The whole sacred pipe ritual revolves around the pipe itself, and as the pipe passes around the circle, so passes the center of attention. Fundamental to the spiritual understanding of the ritual is the pairing of female and male powers which when combined, results in creation. The pipe itself consists of two parts; the bowl which is symbolically female, and the stem which is male. The pipe is potent only when the two components are fitted together, and for this reason it is only joined at the beginning of the ceremony, and its separation indicates the end of the ritual. With only a few exceptions, the pipe bowl is made of stone or clay, because the Earth and all things Earthen are also seen to be of a female nature. Similarly, the stem is usually wooden, made from trees that were procreated by the joining of the male Sky and the female Earth. The pipe stem can be decorated with a striped design symbolic of the trachea, and eagle feathers may be hung from the stem to further symbolize the sending of the smoke, songs, and chants to sacred ancestral and nature spirits.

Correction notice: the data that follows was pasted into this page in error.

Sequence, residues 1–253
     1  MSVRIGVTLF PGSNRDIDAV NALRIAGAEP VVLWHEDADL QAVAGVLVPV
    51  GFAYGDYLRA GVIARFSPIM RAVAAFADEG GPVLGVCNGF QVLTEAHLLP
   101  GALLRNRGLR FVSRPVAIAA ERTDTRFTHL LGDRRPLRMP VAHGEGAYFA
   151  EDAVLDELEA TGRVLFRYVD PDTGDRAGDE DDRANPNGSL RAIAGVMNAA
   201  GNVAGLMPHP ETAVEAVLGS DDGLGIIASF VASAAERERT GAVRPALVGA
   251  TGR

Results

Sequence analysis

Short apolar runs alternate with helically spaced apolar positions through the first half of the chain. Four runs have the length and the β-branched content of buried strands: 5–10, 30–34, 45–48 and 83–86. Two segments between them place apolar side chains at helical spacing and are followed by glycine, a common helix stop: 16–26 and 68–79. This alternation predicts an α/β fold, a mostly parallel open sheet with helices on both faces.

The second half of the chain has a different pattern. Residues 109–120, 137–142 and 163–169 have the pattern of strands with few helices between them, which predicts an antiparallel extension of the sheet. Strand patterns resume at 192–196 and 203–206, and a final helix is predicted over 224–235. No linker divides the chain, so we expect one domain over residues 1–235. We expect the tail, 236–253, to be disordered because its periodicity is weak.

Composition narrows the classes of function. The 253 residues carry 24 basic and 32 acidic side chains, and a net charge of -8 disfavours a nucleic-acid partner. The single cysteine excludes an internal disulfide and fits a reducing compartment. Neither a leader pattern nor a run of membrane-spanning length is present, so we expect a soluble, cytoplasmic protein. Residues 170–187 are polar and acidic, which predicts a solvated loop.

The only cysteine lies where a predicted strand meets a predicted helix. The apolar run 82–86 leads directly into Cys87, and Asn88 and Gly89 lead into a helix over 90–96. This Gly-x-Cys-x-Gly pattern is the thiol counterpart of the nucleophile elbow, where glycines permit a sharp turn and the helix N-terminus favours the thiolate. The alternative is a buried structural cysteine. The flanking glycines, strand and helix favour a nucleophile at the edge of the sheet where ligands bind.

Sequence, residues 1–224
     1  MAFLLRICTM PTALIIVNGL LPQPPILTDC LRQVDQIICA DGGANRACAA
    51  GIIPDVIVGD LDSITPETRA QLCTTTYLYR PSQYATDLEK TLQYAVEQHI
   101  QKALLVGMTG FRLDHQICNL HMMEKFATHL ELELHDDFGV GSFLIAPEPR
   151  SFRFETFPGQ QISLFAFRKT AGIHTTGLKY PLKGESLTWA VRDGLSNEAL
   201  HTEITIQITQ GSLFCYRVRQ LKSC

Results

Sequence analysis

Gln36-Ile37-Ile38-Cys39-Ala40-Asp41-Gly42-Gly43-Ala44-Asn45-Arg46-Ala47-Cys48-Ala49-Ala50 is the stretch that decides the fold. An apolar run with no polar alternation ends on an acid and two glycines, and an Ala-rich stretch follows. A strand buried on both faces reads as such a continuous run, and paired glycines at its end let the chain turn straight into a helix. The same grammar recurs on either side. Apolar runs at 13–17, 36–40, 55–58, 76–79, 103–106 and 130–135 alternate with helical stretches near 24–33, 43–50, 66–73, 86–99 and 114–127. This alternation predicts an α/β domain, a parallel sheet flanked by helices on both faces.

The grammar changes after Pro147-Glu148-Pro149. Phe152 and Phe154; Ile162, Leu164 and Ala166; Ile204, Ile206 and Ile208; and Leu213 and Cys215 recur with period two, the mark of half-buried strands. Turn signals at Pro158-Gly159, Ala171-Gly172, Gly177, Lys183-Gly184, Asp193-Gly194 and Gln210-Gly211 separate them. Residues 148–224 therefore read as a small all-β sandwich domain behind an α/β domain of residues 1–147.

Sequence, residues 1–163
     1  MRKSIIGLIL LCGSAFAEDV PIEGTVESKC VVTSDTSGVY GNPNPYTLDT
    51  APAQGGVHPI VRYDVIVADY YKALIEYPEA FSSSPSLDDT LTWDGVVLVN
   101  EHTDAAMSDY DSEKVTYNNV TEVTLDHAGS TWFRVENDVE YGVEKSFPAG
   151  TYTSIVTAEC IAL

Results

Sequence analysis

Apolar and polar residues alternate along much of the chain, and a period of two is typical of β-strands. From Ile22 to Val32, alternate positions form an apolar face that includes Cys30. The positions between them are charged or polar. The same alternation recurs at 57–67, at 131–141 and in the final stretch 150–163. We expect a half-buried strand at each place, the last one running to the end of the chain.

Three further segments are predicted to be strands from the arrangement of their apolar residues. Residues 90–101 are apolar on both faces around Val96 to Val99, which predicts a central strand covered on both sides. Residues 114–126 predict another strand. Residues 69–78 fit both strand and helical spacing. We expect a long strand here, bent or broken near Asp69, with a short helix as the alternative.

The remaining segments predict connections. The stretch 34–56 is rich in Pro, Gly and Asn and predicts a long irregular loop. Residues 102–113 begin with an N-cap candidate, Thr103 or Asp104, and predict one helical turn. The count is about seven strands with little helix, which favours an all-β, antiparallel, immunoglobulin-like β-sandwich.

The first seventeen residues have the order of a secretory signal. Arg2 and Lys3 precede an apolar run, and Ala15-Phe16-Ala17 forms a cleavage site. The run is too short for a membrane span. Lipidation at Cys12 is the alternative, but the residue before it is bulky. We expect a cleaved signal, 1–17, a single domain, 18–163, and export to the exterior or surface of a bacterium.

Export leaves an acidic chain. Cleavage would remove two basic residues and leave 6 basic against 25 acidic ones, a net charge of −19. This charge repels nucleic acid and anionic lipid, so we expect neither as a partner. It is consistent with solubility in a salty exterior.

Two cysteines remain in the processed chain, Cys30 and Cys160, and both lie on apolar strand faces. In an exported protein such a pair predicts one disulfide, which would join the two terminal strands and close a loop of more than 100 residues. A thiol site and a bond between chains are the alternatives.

During the course of the ceremony, the pipe is seen as the center of the cosmos, and all directions radiating out from this center each have their own symbolic significance. East traditionally represents birth or beginning, originally taking this meaning from the rising of the sun. The significance of the direction west also is derived from the sun, this time the path the sun follows represents the path of life. The interpretation of these two directions seldom varies from tribe to tribe, since the sun is always of great spiritual importance to primitive cultures. Most commonly the direction south is seen as representing growth and nurturing, which implies a female gender. The primary smoker in the ceremony offers smoke in all directions by pointing the stem of the pipe towards each spiritual recipient, which can be done either before or after lighting the pipe. In addition to the four horizontal directions, smoke is also offered in an upward direction which represents the male spirits of the Sky, the Sun, the West Wind, and the Thunder Beings. The smoke is also offered in a downward direction, and the bowl of the pipe is touched to the ground. This is appropriate since the bowl of the pipe is seen as female and as having come from the earth. Direction is not the only concept of spirituality at work in the sacred pipe ritual however. There are four 'spheres of being' that center around the pipe, the first one containing the concept of self which refers to the person holding the pipe. The next sphere is comprised of one's family, clan, and nation. Further out from the center is the sphere of animal relations which contains "those who walk the earth in the four directions, those who fly in the sky above, and those who crawl through the earth below or swim in the sea." The furthest sphere contains the most powerful spirits which are the four directions and winds, the sky, and the earth and sea.